Scott Benzel, Counterfeit Nike ‘Heaven’s Gate’ SB Dunks (2011) Photo by Joerg Lohse
For the past several years, Arizona-born, L.A.-based artist Scott Benzel has been mining the mundane objects of capitalism and its reflection in the cultural agenda through his assemblage and display-based works, challenging the designated meanings of everyday objects as they enter into dialogue with each other. Approaching simple and mostly utilitarian commodities as reflections of their collective or individualist identities, Benzel decodes dismissed or undiscovered subtleties in contemporary culture, and allows unspoken connections to come to the fore.
For his first exhibition at Maccarone, Benzel orchestrated a significant mass of objects each depicting a singular narrative while connecting with one another in oblique ways. Greeting the visitors at the entrance is a pair of never-mass-produced Nike “Heaven’s Gate” sneakers, Counterfeit Nike ‘Heaven’s Gate’ SB Dunks, presented in a glass and steel container. Idolized as a pair of desire objects that are impossible to attain, the sneakers stand as a symbol of social status despite their failure to enter mainstream manufacture. At the same time, the work makes express reference to the death of the Heaven’s Gate cult, and the horrific subject matter of their group suicide entering into cultural exchange again as a pair of sneakers. Similar to a pair of sneakers, an unrealized film, The Story, portrays the dilemma between the failure and the victory, suggesting the thin separation of the real and the fictitious through a set of storyboards from the unrealized film.
The artist also investigates the media and its depiction of cultural phenomenons through appropriating posters of some films, such as the notorious, The Trip, recognized for its bold depiction of drug use, presented here with its original censorship stickers covering the film’s LSD referencing motto ‘A Lovely Sort of Death’, or the Polish poster of 1984’s Hollywood romantic comedy Romancing the Stone, promoting the film rather as a psychological thriller through a strikingly gruesome graphic design.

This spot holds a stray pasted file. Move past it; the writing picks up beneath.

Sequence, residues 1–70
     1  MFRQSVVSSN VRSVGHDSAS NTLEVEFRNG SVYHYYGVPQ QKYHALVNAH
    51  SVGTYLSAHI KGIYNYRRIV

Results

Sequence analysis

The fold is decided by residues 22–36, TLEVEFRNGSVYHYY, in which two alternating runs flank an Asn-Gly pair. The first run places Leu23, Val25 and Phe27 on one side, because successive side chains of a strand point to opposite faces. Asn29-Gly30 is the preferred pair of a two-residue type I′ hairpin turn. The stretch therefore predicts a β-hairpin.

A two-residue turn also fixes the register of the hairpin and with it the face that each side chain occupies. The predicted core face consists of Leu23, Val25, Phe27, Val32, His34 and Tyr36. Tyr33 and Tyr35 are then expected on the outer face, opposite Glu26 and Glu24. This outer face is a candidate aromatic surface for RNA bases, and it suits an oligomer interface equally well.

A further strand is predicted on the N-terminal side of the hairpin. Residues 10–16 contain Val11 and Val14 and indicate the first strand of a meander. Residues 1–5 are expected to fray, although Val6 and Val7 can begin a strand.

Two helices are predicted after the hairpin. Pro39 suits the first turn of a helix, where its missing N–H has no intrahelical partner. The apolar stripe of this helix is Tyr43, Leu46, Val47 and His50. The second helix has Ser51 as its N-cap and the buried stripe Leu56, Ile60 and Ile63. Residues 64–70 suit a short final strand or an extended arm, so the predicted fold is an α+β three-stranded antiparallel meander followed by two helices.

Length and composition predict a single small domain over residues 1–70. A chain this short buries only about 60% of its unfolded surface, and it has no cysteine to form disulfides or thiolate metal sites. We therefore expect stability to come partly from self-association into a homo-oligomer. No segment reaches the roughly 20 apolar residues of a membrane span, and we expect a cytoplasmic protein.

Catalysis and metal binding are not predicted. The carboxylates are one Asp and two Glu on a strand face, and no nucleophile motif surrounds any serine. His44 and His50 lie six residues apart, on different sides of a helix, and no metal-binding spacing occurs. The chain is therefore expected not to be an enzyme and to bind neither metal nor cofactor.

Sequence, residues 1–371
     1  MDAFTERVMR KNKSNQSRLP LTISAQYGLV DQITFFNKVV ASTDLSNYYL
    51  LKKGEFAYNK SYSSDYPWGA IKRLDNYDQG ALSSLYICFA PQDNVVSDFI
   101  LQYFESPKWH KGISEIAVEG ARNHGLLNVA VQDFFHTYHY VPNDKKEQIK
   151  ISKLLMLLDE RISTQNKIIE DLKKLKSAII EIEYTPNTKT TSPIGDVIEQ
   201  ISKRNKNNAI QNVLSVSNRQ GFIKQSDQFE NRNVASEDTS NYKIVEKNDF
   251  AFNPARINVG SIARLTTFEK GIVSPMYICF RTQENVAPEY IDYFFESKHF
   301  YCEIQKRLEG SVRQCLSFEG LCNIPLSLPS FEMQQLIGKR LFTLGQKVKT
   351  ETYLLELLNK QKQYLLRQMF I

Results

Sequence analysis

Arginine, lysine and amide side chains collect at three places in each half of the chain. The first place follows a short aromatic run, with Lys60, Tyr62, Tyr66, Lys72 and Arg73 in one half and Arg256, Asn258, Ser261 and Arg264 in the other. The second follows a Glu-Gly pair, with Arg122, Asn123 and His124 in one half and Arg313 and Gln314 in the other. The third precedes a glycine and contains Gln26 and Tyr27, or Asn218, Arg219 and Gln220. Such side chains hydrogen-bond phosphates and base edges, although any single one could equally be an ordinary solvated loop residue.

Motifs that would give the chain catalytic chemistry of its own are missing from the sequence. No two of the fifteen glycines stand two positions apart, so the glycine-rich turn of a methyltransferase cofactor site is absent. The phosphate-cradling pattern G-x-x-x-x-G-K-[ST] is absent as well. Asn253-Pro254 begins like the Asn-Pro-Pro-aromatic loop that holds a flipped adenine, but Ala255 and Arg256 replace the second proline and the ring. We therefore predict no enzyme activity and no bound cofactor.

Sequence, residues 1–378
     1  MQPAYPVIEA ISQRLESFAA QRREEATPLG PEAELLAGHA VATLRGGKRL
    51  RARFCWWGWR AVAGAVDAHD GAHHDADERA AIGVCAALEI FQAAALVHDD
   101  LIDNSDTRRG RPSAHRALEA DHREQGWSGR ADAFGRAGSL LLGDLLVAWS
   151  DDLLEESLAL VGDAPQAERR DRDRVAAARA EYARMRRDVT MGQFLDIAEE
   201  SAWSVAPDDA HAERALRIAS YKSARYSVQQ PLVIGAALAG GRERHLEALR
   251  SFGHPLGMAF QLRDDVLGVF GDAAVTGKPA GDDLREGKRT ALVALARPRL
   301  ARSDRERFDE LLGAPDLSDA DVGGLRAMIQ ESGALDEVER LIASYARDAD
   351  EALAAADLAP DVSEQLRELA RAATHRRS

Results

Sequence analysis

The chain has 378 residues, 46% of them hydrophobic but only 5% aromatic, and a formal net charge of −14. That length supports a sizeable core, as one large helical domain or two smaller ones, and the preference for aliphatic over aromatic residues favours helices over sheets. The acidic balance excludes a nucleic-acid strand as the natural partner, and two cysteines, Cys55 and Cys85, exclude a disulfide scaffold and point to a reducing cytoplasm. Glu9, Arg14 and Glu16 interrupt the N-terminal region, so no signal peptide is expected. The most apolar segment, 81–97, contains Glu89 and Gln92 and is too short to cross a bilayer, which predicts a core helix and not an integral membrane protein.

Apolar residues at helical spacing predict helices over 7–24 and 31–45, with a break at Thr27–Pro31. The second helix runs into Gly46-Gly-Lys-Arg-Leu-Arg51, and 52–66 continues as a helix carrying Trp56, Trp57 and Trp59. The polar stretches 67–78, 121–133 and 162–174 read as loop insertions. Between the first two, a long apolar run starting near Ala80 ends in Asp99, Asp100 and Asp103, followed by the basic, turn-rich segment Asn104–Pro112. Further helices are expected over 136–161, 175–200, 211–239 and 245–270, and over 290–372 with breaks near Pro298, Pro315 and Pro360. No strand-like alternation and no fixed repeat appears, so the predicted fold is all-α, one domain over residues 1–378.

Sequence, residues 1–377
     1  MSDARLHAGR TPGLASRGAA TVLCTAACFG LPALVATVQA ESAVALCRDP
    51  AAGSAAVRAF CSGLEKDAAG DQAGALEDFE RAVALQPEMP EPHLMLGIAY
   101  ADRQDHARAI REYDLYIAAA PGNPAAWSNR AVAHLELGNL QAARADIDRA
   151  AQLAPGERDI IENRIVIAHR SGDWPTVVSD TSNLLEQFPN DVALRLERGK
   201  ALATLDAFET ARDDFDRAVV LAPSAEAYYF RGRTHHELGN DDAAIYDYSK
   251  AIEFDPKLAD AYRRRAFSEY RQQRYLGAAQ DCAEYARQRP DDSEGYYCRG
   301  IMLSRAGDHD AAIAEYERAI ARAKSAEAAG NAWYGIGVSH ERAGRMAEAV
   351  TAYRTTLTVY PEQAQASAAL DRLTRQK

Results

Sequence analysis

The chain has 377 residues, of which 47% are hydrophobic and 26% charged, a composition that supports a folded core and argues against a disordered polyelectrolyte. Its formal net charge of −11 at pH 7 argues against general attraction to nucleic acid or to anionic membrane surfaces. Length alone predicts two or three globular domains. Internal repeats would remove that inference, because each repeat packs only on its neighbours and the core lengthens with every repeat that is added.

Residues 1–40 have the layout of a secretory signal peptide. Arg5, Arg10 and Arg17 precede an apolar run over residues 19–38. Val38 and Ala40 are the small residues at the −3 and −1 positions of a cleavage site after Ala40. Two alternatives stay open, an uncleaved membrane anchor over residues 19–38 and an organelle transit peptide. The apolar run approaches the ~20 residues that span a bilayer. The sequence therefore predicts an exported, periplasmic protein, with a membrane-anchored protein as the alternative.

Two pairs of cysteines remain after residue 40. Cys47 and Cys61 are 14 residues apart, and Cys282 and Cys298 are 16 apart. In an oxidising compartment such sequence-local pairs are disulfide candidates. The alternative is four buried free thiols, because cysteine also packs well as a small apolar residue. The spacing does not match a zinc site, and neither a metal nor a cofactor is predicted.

Nearby, a duo of black and white photographs, Lady Diana “Fakir” image and Spock “Slash” image, present two icons of the popular media, Lady Diana and Captain Spock, photoshopped to anonymous nude bodies, contributing to Benzel’s argument on the depiction of the real and the feigned. Elsewhere, the artist gathers a large group of printed materials, placed on two long shelves displaying an absurdly irrelevant selection of books, magazines and newspapers, among which are Time Magazine and a few tabloid magazines, commenting on the relativity of the high and low cultures through blending them in the dynamics of everyday life. Adjacent to these works are Jean Genet’s Querelle, Hunter S. Thompson’s Hell’s Angels, and works by Thomas Pynchon, bringing a classic opposition of mindsets and identities from the same time frame together.
The definition of core value and its fluidity finds its most versatile form in Spectrum, a multimedia installation combining sound, technology and physics to orchestrate an unlikely symphony. Two pocket size vibrators, placed inside a baby grand piano, make the piano’s tonic cords create a high pitch noise reinforced by a microphone, while the connected speakers stimulate the microphones hanging from the ceiling, causing them to swing back and forth. The result is an impressive spectacle of visual and audio stimulation for the viewers, similar to a Rube Goldberg machine, ridiculing the set notions attached to commodities inside the frame of utilitarianism.
Scott Benzel is on view at Maccarone Through August , 2014.
Maccarone [Exhibition Page]